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Vale, Odebrecht & The Dossier Machine

Screenshot from 2013-10-17 14:38:38

Source: Brasil de Fato.

Vale do Rio Doce and Odebrecht are two of the companies that sponsored the 8th Global Conference on Investigative Journalism, which concluded this Tuesday.

Despite this, the fact that these companies are accused of practicing espionage made them a target for protests during the event.

“Despite all of the accusations of illegal activity, companies like Vale and Odebrecht manage to preserve their public image with millions in cultural sponsorships, as well as advertising in newspapers, magazines and on TV,” said a spokesperson for a activist group critical of Vale and its conduct.

According to accusations by Vale’s former chief of security, André Luis Costa de Almeida, presented to the federal Public Ministry (MPF), the company spies on social movements, infiltrating agents in Rio, Espírito Santo, Minas Gerais, Pará and Maranhão; it pays bribes to public officials in the federal police and state judiciary to obtain information used to support “internal investigations;” it intrudes on the privacy of employees; taps phones, including the phones of journalists; and produces dossiers on politicians and leadership elements of social movements.

According to a report by Agência Pública, the landless workers movement (MST) is the principal target of Vale’s security forces, along with the Justiça nos Trilhos (JT) network, headquartered in Açailândia, Maranhão, which brings together various human rights groups affect by the actions of the export sector.

Screenshot from 2013-10-17 14:58:55

A Pública — above, part of its link ecosystem — is proudly sponsored by the Ford Foundation and tied into its international network of journalism projects — Observatório da Imprensa is another example.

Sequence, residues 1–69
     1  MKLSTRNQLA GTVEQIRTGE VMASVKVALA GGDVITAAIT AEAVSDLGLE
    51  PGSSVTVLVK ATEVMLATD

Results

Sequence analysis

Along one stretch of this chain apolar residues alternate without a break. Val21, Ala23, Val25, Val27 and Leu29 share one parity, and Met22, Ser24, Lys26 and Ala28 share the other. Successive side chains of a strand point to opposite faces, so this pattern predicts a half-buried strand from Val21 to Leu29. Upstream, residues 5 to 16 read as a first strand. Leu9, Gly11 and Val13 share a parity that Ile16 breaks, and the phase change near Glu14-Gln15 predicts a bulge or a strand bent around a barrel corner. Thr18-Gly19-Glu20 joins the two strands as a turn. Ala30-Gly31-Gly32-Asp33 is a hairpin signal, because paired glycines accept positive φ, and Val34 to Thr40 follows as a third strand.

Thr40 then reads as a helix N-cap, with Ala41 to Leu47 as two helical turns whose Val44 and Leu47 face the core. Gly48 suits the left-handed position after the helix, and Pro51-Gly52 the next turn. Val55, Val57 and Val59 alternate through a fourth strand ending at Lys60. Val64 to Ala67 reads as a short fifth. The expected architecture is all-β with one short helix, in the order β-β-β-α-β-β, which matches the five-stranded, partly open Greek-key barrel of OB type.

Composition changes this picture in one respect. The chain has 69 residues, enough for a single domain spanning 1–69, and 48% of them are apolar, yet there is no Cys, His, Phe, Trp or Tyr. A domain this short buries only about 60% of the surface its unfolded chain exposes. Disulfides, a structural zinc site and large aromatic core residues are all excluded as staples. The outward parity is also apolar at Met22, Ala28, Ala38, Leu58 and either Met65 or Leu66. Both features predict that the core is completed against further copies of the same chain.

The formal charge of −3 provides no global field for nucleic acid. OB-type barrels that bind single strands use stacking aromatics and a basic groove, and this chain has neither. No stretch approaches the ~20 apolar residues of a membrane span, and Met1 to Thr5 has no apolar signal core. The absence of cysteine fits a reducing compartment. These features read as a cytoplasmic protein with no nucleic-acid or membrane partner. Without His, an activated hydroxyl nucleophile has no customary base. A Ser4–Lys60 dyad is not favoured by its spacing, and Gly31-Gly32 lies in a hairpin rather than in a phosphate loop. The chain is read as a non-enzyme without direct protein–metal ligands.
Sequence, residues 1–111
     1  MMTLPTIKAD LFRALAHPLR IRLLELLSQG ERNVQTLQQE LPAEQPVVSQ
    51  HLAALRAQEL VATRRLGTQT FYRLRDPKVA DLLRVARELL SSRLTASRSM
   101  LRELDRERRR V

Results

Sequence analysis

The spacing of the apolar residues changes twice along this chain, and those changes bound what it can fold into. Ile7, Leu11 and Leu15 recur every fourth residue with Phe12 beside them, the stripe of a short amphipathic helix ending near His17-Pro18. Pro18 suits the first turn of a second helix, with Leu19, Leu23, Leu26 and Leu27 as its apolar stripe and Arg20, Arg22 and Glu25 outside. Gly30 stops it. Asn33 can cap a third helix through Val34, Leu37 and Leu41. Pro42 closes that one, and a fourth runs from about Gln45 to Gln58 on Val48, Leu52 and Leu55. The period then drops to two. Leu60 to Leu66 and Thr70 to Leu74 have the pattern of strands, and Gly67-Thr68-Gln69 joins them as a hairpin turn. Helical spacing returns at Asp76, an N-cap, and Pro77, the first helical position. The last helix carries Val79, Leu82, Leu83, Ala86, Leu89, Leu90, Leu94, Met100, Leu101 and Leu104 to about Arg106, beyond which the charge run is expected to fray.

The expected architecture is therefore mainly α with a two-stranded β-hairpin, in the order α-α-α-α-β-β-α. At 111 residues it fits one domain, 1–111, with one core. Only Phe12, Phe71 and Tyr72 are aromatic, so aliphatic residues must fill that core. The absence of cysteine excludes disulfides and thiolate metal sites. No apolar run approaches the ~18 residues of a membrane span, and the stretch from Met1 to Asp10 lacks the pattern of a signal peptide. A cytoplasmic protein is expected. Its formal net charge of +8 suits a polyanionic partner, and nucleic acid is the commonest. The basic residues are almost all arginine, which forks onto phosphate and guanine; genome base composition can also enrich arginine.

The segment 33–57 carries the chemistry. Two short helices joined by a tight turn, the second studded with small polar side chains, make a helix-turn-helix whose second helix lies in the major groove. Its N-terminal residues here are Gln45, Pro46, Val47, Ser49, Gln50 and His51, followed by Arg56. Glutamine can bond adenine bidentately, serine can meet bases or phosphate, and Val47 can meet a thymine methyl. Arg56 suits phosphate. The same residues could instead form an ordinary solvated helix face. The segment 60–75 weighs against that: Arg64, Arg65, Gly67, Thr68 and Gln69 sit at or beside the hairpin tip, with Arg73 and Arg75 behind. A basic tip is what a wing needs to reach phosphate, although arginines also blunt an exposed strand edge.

For nearly two years, the JT has waged war in the courtroom with Vale in opposition to a project to amplify the railway — a project without an environmental license — in order to handle expanding production from the mines at Carajás, a project that will have various impacts on communities, cutting through environmental reserves, indigenous territory, and quilombolas — the historical freeholdings of escaped slaves.

Odebrecht, for its part, is a member of the Belo Monte Construction Consortium. In February of this year, an employee of the consortium was caught spying on a meeting of the movement Xingu Forever.

Or, “The Living Xingu Forever.”

According to the Indigenist Missionary Council,  during a meeting, “the movement detected one of its participants, Antonio, a recent joiner of the movement, was recording the meeting with a spy pen.” He confessed his role as a spy and said he was employed by the Consortium to dig up information on leadership and activities of the Xingu Vivo movement.

“In this unequal situation, those who suffer the violence of these companies wind up marginalized. There is no space in the press for their stories. At most, they become footnotes on lost pages, there to support the impression of a supposed impartiality,” says the anti-Vale group.

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